How Much is My Divorce Going to Cost?

No two divorces are the same, which means there is no fixed answer to how much a divorce will cost. Although divorces are generally known for being expensive, it can be difficult to predict the true cost of a Colorado divorce or legal separation, as there are numerous factors specific to your circumstances that can impact how much you will spend to get a divorce.

The following factors play a major role in determining how much your divorce will cost:

  1. Whether there is a valid pre-nuptial or post-nuptial agreement in place

A valid pre-nuptial or post-nuptial agreement details some—if not most—of the terms of a divorce. This includes areas such as the division of marital property and spousal support. An existing agreement can limit the possibility of any disputes, making the divorce process faster and cheaper. If, however, there is no pre- or post-nuptial agreement in place, it is likely that the divorce will cost you more and the duration of the divorce will be extended.

  1. Whether the divorce is contested or uncontested

The divorce can be resolved fairly quickly and inexpensively if you and your spouse can agree on all the major issues of your divorce and file a joint petition for an uncontested divorce. The costs will likely go up in a contested divorce case, however, if there are issues being disputed in the divorce. Disputed areas of the divorce may have to be resolved in either court or mediation before a final divorce decree can be issued, contributing to a longer and more expensive case.

  1. The number of issues being disputed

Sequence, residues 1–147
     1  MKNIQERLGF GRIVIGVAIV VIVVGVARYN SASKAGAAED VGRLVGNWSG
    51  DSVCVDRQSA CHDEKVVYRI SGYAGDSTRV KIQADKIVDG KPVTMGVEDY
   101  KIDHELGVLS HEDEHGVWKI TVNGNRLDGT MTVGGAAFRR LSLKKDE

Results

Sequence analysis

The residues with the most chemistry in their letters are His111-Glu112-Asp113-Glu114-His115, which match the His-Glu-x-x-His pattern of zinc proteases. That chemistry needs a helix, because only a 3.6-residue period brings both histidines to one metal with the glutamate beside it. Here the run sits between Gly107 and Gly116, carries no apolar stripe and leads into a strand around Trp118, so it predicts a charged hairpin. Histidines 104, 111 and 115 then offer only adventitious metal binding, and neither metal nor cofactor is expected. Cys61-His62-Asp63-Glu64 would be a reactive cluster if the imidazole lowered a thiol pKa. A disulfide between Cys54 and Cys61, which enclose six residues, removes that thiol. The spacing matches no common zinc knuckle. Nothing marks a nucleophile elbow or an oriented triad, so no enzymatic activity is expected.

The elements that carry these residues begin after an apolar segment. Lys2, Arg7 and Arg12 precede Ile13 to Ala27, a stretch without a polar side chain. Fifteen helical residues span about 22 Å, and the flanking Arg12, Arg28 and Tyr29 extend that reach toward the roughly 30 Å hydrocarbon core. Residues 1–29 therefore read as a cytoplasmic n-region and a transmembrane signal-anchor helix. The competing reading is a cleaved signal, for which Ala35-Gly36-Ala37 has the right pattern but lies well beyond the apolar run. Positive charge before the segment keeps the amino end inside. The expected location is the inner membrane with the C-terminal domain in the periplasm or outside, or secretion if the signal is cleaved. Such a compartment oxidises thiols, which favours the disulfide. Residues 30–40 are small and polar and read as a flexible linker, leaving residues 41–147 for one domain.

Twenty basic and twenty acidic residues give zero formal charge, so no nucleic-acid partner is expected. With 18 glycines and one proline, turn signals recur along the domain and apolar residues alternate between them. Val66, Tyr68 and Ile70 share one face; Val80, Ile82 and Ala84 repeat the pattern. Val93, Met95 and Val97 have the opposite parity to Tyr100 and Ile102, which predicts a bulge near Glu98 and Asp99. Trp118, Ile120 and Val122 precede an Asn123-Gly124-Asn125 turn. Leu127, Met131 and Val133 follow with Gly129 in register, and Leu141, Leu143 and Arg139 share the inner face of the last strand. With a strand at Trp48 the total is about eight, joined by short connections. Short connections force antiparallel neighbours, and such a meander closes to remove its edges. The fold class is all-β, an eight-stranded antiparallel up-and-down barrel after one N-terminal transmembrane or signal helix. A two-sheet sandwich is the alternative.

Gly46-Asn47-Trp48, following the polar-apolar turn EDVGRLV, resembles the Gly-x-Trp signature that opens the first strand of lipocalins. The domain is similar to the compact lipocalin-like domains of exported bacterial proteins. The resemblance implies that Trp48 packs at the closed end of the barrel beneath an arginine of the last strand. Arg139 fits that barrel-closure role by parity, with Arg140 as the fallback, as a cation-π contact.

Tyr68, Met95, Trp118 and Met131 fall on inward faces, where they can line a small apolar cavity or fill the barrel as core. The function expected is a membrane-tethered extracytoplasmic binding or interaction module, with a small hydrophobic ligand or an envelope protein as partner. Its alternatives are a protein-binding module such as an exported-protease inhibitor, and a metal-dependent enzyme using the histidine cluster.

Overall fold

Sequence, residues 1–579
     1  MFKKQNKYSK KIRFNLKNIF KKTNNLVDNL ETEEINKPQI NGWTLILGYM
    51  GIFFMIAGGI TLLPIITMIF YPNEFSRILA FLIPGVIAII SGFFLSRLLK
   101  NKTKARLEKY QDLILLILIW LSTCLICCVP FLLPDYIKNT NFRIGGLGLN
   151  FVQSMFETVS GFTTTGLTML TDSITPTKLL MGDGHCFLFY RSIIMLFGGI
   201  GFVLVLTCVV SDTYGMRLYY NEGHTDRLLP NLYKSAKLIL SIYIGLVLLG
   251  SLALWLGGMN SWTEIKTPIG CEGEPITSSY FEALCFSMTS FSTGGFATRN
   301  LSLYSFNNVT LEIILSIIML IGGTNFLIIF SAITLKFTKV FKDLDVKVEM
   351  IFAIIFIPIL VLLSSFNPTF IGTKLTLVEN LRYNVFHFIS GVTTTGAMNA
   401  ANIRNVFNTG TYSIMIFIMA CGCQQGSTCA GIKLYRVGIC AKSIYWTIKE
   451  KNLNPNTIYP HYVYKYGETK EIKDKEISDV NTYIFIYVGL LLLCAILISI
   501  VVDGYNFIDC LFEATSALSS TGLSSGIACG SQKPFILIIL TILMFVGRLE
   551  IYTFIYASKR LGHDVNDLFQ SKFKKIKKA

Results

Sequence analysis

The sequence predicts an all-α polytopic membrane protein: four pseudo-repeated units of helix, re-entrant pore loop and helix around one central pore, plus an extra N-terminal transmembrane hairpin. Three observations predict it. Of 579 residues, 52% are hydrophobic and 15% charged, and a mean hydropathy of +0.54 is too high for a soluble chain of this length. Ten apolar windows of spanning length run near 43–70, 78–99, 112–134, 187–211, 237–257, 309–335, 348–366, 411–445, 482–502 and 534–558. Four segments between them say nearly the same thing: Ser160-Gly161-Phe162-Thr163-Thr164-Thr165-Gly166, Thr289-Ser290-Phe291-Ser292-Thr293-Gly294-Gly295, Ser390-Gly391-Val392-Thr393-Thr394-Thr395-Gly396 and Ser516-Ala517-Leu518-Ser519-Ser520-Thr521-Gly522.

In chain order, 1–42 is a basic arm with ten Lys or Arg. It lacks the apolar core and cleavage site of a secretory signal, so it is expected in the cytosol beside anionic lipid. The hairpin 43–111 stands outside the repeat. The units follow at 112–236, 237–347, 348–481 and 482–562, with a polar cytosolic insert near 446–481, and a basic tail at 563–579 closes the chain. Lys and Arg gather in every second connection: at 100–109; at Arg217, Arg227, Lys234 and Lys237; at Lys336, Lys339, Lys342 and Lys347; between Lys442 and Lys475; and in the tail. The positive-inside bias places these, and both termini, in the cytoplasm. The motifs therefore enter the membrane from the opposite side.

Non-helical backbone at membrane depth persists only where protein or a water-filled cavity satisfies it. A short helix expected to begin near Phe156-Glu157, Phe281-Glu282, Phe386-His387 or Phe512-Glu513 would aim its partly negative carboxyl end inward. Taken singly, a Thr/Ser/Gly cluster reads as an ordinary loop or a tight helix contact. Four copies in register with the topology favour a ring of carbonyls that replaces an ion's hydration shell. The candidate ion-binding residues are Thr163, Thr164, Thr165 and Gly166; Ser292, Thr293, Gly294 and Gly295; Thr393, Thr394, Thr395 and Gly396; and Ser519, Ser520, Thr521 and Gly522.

The costs of divorce can rise considerably when there are many points of contention in a divorce case. More time and effort—usually in court—is needed to resolve any issues. Examples of commonly disputed issues in a divorce are identifying separate versus marital property, the division of marital property, whether a pre- or post-nuptial agreement is valid, whether a party should pay or receive support payments, and how parenting time should be split.

  1. Willingness of both parties to compromise

The willingness of both parties to communicate civilly and work out their own resolutions on their own timeline can play a significant part in reducing the total costs of a divorce. If both parties are unable to compromise, divorce costs are more likely to increase as court interventions may be necessary.

  1. Nature of marital property

Marital property issues and disputes can increase the costs of divorce, especially since complex marital estates typically require more time for inventory, appraisal and division between spouses. High net worth divorce cases, in particular, may involve numerous properties located in other states or countries, thus making the process even more complicated.

Hiring a lawyer

While it may seem counterintuitive, hiring a qualified divorce lawyer can play a key role in keeping your divorce costs manageable. A lawyer will not only protect your rights and best interests, but will also help you achieve the most advantageous outcome possible.